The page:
The colonial modalities which resulted in the pillaging of the ‘New World’ involved wholesale dispossession, genocidal violence and exploitation of their original inhabitants. It was not, however, until the latter part of the twentieth century that Indigenous peoples attained some degree of legal recognition. This book series focuses upon the manner in which Indigenous peoples’ experiences of law have been transformed from an oppressive system of denying rights to a site of contestation and the articulation of various forms of self-governance. Encouraging a range of theoretical, political and ethical perspectives on Indigenous peoples and the law, this book series aims to provide a comprehensive survey of the experience of Indigenous peoples and their changing relationship with national and international juridical frameworks.
The series will include both monographs and edited collections pursuing variety a of perspectives – including, but not limited to, a concern with:
If you are interested in submitting a proposal for the series, please contact:
The University of British Columbia
2 Park Square
Indigenous Governance of Traditional Knowledge The Legal Implementation of Access and Benefit-Sharing in Australia
Indigenous Cultural Property and International Law Restitution, Rights and Wrongs
Indigenous Reconciliation and Decolonization Narratives of Social Justice and Community Engagement
Socio-Legal Struggles for Indigenous Self-Determination in Latin America Reimagining the Nation, Reinventing the State
Reconciling Indigenous Peoples’ Individual and Collective Rights Participation, Prior Consultation and Self-Determination in Latin America
By Neva Collings
August 17, 2023
This book addresses the issue of Indigenous participation in genetic resource access and benefit-sharing and associated traditional knowledge. Genetic resources from nature are increasingly used in global biodiscovery research and development, but they often use Indigenous peoples’ traditional ...
By Shea Elizabeth Esterling
August 04, 2023
Examining the restitution of cultural property to Indigenous Peoples in human rights law, this book offers a detailed analysis of the opportunities and constraints of international law as a tool of resistance and social transformation for marginalized groups. In accordance with an increasing ...
By Ranjan Datta
August 01, 2022
This book addresses the ethical and practical issues at stake in the reconciliation of Indigenous and non-indigenous communities. An increasing number of researchers, educators, and social and environmental activists are eager to find ways to effectively support ongoing attempts to recognize, ...
By Maria Salvatrice Randazzo
July 29, 2022
The book considers Australian First Nations constitutionalism by drawing on the chthonic constitutional traditions of three distinct Australian First Nations legal orders: the Warlpiri, Yolngu, and Pintupi legal orders, in the endeavour of identifying, via a comparative analysis, a core of ...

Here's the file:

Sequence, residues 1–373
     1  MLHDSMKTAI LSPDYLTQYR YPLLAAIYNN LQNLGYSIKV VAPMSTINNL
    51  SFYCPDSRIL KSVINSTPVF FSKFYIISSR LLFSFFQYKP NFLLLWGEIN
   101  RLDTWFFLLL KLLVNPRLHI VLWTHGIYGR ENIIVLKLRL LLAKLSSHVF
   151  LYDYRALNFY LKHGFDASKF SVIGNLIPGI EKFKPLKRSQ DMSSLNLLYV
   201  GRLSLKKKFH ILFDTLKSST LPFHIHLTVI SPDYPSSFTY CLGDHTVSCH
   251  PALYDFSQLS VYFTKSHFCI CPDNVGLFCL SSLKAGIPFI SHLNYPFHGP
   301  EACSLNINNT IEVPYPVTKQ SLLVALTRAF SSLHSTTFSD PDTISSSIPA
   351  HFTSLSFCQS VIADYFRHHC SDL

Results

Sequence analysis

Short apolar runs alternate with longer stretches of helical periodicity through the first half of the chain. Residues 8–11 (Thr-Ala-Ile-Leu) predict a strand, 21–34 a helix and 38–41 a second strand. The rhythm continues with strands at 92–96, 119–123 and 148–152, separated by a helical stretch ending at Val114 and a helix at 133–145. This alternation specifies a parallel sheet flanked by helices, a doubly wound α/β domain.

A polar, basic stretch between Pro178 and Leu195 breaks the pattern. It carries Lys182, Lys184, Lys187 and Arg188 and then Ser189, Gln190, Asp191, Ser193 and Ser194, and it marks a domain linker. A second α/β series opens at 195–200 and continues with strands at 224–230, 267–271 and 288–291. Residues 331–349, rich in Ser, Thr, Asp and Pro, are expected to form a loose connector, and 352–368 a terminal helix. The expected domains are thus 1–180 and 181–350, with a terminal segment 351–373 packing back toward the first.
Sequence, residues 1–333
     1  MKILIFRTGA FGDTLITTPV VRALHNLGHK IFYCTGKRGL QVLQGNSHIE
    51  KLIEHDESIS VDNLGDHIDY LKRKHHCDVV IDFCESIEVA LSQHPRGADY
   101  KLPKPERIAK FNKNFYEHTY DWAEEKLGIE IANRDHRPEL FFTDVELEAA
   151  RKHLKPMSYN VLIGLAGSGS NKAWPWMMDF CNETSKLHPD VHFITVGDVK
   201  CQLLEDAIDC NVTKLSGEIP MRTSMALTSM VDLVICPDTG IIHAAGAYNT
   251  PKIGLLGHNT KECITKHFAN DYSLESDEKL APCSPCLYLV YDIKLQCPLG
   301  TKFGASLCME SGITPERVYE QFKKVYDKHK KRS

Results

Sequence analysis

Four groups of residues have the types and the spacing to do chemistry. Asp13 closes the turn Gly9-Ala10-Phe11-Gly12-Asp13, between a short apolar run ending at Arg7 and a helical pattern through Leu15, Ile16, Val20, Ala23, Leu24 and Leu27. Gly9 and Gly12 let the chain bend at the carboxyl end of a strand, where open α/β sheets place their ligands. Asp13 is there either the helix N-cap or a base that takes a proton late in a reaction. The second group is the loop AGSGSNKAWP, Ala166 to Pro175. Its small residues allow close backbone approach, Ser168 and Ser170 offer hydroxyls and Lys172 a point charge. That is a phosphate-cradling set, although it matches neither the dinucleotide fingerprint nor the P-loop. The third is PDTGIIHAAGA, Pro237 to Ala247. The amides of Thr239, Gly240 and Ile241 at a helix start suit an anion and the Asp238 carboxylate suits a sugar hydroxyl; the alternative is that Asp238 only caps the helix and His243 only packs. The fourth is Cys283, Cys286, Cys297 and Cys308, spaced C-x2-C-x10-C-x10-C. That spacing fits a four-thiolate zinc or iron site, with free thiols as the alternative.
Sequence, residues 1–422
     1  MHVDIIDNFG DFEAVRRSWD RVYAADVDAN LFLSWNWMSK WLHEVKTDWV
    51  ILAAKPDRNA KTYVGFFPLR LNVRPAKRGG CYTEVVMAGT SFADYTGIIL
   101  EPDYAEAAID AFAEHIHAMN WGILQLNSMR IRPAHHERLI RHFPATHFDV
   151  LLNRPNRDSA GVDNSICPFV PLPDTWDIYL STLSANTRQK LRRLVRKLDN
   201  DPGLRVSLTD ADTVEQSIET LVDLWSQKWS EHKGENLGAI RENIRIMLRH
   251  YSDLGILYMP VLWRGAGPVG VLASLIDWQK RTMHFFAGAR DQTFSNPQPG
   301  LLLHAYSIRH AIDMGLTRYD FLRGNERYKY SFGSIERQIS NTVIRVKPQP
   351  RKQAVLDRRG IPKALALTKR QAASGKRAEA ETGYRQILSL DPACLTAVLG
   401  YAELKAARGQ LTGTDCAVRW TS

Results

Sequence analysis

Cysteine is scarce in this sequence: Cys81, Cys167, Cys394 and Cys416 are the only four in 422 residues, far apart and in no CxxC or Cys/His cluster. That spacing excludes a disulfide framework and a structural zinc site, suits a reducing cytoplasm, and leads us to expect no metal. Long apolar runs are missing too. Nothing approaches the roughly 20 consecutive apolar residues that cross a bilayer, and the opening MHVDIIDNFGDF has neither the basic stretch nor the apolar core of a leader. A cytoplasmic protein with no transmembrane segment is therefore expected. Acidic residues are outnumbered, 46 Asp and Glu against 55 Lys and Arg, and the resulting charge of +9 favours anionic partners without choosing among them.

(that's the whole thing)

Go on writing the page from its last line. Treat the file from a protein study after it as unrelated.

By Roger Merino
May 27, 2021
This book is an interdisciplinary study of struggles for indigenous self-determination and the recognition of indigenous’ territorial rights in Latin America. Studies of indigenous peoples’ opposition to extractive industries have tended to focus on its economic, political or social aspects, as if...
By Sujith Xavier, Beverley Jacobs, Valarie Waboose, Jeffery G. Hewitt, Amar Bhatia
May 25, 2021
This book brings together Indigenous, Third World and Settler perspectives on the theory and practice of decolonizing law. Colonialism, imperialism, and settler colonialism continue to affect the lives of racialized communities and Indigenous Peoples around the world. Law, in its many iterations, ...
By Valmaine Toki
July 31, 2020
In New Zealand, as well as in Australia, Canada and other comparable jurisdictions, Indigenous peoples comprise a significantly disproportionate percentage of the prison population. For example, Maori, who comprise 15% of New Zealand’s population, make up 50% of its prisoners. For Maori women, the ...
By Mark Hickford, Carwyn Jones
November 28, 2019
Across the globe, there are numerous examples of treaties, compacts, or other negotiated agreements that mediate relationships between Indigenous peoples and states or settler communities. Perhaps the best known of these, New Zealand’s Treaty of Waitangi is a living, and historically rich, ...
By Stephen Young
November 21, 2019
Analysing how Indigenous Peoples come to be identifiable as bearers of human rights, this book considers how individuals and communities claim the right of free, prior and informed consent (FPIC) as Indigenous peoples. The basic notion of FPIC is that states should seek Indigenous peoples’ consent ...
By Irene Bellier, Jennifer Hays
October 07, 2019
This book takes an interdisciplinary approach to the complicated power relations surrounding the recognition and implementation of Indigenous Peoples’ rights at multiple scales. The adoption of the United Nations Declaration on the Rights of Indigenous Peoples in 2007 was heralded as the beginning ...
By Jessika Eichler
May 14, 2019
This book critically assesses categorical divisions between indigenous individual and collective rights regimes embedded in the foundations of international human rights law. Both conceptual ambiguities and practice-related difficulties arising in vernacularisation processes point to the need of ...
By Irene Watson
December 19, 2018
For more than 500 years, Indigenous laws have been disregarded. Many appeals for their recognition under international law have been made, but have thus far failed – mainly because international law was itself shaped by colonialism. How, this volume asks, might international law be reconstructed, ...